Wednesday, March 4, 2009

Should John Yoo be disbarred?

It is being reported in many places that the Office of Professional Responsibility might recommend the disbarment of John Yoo who currently teaches at Berkeley law school. Yoo is the former deputy assistant attorney general in the Office of Legal Counsel who authored the memos that provide legal support for the Bush administration's approach to torture, surveillance and other aspects of the "war on terror." Yoo is facing growing opposition at his law school and there is even a website committed to his removal.

I abhor Yoo's views, but I am not sure I understand what is the basis for calling for his dibarment. It is argued that he developed the legal analysis upon which the administration based its position justifying the use of torture. It is alleged that his memos were based on questionable, weak legal arguments. The website mentioned above refers to the fact that Yoo "advocated that Bush be allowed to do essentialy whatever he wanted in the so-called "War on Terror."

Again, that's terrible, but what rule did he break? If this is all there is to it, is his conduct criminal? Some are arguing that the Bush administration engaged in war crimes by authorizing torture, but does that include the lawyer who wrote the memo with the bad reasoning to justify it? If so, okay, then we can say his conduct is criminal and he should be disbarred for violating Rule 8.4. But one problem with this is that the Obama administration seems intent on dragging its feet and not conducting an investigation into criminal conduct. So can we justifiably disbar someone for "criminal conduct" when the conduct has not been adjudicated to be criminal yet?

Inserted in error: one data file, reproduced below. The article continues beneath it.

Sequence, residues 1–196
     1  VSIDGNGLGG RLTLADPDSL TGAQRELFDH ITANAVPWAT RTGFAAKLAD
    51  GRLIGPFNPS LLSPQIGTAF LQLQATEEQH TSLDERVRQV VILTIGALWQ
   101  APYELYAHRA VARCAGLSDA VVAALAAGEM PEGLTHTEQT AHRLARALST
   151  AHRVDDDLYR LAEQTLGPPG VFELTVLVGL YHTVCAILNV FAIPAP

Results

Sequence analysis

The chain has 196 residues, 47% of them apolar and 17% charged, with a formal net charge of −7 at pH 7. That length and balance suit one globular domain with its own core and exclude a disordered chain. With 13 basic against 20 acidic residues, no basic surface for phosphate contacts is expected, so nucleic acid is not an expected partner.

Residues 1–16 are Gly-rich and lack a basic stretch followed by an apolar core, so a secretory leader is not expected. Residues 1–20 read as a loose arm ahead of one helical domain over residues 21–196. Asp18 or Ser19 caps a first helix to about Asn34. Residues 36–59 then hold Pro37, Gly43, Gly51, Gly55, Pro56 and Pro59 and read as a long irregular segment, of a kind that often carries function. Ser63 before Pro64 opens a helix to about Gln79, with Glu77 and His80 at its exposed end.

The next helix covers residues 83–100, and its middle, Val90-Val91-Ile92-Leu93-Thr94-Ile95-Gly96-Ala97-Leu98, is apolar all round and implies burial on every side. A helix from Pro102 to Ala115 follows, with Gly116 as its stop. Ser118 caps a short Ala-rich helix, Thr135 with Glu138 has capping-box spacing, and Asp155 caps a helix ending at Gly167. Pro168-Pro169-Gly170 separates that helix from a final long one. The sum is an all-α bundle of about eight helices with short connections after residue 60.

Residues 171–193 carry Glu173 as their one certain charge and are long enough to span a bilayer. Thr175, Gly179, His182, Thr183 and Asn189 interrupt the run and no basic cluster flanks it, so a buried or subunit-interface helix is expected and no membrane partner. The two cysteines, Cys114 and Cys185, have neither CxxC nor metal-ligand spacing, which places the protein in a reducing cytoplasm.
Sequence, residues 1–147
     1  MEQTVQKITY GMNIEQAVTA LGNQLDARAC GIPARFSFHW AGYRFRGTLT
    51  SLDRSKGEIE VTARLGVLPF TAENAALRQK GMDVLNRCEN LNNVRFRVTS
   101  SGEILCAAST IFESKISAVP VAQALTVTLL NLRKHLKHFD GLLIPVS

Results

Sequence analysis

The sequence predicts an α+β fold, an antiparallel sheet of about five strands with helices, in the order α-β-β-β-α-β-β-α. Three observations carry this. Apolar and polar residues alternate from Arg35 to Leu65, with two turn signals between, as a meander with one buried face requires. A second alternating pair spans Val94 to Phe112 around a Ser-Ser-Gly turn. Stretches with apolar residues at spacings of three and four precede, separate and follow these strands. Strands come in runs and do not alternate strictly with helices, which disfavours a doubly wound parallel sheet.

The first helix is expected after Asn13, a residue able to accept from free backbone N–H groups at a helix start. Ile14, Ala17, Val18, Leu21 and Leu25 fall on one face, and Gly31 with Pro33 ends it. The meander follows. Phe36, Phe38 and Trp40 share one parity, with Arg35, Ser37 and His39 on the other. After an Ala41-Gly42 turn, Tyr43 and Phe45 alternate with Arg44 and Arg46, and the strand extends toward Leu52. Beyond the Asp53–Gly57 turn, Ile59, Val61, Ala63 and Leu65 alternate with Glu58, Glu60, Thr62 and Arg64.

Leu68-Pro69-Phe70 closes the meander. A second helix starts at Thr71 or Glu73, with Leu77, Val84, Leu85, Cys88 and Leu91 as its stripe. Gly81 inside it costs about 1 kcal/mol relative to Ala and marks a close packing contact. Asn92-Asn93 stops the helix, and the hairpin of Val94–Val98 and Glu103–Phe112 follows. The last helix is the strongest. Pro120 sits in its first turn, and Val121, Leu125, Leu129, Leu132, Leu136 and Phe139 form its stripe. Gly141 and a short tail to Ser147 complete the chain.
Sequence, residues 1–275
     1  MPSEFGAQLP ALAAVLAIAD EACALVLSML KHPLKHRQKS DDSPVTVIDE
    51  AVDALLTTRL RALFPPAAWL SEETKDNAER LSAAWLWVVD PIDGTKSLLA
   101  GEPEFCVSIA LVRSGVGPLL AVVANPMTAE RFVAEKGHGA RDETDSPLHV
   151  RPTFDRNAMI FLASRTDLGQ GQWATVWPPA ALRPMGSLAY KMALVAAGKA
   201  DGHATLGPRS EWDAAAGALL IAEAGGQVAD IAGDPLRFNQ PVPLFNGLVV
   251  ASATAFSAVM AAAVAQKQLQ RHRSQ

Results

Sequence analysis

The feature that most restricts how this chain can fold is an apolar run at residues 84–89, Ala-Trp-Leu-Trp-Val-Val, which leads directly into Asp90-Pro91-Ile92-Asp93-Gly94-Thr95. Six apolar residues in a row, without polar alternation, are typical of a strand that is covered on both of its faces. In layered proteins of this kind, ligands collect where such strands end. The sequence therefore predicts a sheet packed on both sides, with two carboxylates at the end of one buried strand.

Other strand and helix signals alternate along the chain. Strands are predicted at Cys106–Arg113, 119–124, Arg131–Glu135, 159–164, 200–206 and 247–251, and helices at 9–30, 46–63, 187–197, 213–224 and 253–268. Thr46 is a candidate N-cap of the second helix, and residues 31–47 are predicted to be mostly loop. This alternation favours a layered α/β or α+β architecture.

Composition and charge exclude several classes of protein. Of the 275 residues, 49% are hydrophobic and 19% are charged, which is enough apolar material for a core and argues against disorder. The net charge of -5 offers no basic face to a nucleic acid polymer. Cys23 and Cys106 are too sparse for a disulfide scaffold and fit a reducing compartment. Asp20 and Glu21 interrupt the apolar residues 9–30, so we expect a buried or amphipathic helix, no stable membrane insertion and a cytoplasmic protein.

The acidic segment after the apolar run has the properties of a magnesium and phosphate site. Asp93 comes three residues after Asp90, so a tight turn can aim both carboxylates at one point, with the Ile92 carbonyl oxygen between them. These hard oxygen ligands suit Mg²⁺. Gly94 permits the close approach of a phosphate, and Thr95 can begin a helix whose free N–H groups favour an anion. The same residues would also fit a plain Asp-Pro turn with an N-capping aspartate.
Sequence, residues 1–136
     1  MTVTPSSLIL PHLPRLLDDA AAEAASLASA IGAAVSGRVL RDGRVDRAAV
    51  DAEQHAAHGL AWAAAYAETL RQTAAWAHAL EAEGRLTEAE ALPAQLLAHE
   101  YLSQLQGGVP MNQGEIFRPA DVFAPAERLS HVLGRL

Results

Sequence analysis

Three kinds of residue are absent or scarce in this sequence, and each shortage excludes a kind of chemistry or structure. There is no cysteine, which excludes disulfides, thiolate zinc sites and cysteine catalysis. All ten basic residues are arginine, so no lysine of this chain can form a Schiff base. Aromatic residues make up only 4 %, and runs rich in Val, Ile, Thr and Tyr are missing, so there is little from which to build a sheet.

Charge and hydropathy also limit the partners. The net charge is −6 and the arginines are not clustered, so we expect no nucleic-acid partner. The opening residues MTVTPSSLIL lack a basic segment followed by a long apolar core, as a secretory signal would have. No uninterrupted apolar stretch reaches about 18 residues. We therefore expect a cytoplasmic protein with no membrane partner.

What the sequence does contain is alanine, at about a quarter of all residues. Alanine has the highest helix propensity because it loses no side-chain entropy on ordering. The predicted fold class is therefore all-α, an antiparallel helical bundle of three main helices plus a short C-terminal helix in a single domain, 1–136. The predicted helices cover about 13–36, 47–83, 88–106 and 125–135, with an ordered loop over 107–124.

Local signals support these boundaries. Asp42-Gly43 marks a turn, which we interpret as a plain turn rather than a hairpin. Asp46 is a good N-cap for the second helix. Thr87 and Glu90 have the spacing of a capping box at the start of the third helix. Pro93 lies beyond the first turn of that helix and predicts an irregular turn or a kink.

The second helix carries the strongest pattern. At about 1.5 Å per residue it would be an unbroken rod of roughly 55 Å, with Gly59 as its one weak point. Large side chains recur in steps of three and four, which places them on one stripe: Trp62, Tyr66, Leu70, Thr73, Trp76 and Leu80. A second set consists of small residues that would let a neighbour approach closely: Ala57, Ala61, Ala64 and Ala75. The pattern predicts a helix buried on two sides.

Rule 8.4 also talks about conduct involving dishonesty, fraud, deceit or misrepresentation. Again, assuming the conduct is just preparing the memos, does it fall in this category? I guess it depends on whether Yoo really believed what he was advocating, no? If he really thought his analysis was legally sound, can we claim he was misrepresenting the law? He was wrong, but was he misrepresenting the law intentionally? That is hard to prove to say the least.

And then there is the "catch all" rule; the one that refers to conduct "that is prejudicial to the administration of justice." I guess you can argue the conduct was this

What bothers me about this debate is whether the basis for disbarment is just that we disagree with the conclusions of the work done by the lawyer. I guess I have to read and think more about it before I discuss it further.

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